The greatest strength of a functional organization is that it ties social structures to delivery of business value. In my view software projects succeed as much as they improve the effectiveness of the activity they support - yielding business value. By organizing your teams the same way, you have a team oriented around satisfying their business users.

The actual management/HR structure is irrelevant beyond that.


Is there a standard way of solving this problem which I am missing?

Not really. It will depend on your team, you, what you need to get done, and what resources the company will make available to you.

Personally, the best sort of switch is by splitting the technical management from the administrative management. It's rare that people are good at both, and they rarely tend to interact.

One person handles the technical aspects. What needs to be done, who is going to do it, how things need to line up. The other handles administrative aspects. Reviews, budget meetings, product planning, etc. They then work together to communicate insights from one side to the other and to provide a united front.

How this is broken up can go a few different ways. The most common is to have the engineering manager be the administrative side and an achitect be the technical side. They are peers and report to a director/VP.

Another I've seen work is to have the engineering manager be the administrative person, and then the team lead(s) act as the technical person. This is trickier, and requires the right people to act as (mostly) peers even if the reporting is hierarchial.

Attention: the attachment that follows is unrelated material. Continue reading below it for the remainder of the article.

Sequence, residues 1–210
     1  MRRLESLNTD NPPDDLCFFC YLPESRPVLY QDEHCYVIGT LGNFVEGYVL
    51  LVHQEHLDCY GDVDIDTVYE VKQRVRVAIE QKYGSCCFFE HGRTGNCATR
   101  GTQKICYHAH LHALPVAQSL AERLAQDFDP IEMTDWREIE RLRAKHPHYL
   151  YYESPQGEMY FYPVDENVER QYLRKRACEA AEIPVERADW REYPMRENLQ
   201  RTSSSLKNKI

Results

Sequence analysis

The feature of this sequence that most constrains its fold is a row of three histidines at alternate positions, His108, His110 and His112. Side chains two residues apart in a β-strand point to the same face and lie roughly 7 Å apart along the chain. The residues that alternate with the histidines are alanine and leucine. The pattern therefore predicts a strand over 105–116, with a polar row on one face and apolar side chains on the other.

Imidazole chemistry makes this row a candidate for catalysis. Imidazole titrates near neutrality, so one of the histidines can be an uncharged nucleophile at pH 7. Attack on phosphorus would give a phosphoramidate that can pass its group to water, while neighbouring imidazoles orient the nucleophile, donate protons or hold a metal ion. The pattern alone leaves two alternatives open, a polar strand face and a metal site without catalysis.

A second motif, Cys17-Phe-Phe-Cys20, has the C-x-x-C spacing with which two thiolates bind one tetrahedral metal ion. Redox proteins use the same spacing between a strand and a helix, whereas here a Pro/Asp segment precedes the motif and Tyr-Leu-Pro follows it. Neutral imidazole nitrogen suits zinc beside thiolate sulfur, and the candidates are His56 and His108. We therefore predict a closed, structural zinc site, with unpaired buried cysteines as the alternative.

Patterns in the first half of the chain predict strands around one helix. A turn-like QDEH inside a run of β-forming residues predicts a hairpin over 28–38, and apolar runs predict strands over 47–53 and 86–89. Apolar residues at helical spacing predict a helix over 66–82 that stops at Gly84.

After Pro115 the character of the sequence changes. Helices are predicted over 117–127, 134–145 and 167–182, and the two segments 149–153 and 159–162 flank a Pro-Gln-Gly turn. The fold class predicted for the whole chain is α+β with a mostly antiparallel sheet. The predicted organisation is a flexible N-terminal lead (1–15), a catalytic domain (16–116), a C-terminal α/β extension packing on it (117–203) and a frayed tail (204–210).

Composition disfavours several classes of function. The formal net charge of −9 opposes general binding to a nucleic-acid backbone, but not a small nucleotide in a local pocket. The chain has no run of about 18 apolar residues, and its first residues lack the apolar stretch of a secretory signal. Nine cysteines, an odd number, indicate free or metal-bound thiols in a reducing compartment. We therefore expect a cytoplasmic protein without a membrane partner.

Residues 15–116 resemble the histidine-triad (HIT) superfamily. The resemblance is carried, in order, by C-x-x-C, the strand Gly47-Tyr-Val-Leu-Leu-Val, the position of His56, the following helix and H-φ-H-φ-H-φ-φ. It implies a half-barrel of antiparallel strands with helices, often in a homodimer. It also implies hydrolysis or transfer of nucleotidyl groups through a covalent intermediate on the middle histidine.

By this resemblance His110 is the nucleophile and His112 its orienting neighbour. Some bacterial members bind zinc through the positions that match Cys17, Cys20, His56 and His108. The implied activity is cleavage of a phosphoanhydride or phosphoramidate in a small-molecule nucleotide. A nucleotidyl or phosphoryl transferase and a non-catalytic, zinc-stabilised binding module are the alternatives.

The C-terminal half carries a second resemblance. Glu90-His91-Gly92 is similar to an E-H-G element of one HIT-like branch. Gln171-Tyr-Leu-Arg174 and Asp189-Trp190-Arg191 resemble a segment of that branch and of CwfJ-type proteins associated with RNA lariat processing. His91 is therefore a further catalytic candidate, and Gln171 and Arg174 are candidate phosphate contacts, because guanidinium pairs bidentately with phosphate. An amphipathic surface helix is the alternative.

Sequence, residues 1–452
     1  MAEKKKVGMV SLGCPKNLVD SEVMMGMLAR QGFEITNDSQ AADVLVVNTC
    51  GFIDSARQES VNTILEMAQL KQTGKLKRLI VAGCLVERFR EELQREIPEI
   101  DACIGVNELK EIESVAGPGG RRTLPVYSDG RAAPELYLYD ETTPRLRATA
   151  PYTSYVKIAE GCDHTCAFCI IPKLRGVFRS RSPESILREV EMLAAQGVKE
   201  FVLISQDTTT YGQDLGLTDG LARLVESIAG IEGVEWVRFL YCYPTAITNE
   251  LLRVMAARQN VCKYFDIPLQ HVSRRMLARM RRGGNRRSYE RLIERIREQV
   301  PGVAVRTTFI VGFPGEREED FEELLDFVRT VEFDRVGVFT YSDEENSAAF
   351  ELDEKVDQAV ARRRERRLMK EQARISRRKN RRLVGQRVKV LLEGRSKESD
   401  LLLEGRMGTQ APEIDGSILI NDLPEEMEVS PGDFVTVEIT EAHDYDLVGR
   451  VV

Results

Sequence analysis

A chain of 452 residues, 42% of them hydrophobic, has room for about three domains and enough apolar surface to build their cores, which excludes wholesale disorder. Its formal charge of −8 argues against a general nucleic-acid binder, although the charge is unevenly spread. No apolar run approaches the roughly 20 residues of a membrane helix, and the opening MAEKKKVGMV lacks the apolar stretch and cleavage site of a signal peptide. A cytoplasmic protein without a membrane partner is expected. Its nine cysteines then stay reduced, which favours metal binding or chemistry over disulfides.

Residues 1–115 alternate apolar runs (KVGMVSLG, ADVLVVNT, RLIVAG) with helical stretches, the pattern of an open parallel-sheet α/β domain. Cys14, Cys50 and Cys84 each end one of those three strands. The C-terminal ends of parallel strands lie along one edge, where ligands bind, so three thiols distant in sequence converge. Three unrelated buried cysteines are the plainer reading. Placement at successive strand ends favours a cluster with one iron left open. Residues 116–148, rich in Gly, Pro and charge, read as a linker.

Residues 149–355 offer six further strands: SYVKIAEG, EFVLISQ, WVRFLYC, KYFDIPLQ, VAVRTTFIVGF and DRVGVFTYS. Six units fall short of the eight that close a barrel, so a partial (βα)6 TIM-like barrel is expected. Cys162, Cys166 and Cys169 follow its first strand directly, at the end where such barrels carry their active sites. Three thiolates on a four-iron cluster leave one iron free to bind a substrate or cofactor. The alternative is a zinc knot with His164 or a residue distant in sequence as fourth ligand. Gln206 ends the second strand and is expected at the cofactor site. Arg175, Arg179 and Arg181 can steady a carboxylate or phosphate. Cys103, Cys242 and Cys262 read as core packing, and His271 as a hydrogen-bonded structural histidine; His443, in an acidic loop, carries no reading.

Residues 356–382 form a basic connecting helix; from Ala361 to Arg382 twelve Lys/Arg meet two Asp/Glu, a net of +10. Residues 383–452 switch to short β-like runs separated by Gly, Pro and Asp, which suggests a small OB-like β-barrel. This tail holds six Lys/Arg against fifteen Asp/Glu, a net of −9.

For your specific scenario, I would recommend having 2-3 teams and have technical leads do the technical aspects and you focus on the administrative. Yes, it cuts time from the leads actually writing code, but they should (if they're doing a good job) recoup that time by making the more junior developers more efficient/productive. It provides them more motivation and a sense of accomplishment with the actual promotion too. And most practically, it's an easier sell to management than opening a new position.

Your Answer

By clicking “Post Your Answer”, you agree to our terms of service and acknowledge you have read our privacy policy.

Not the answer you're looking for? Browse other questions tagged or ask your own question.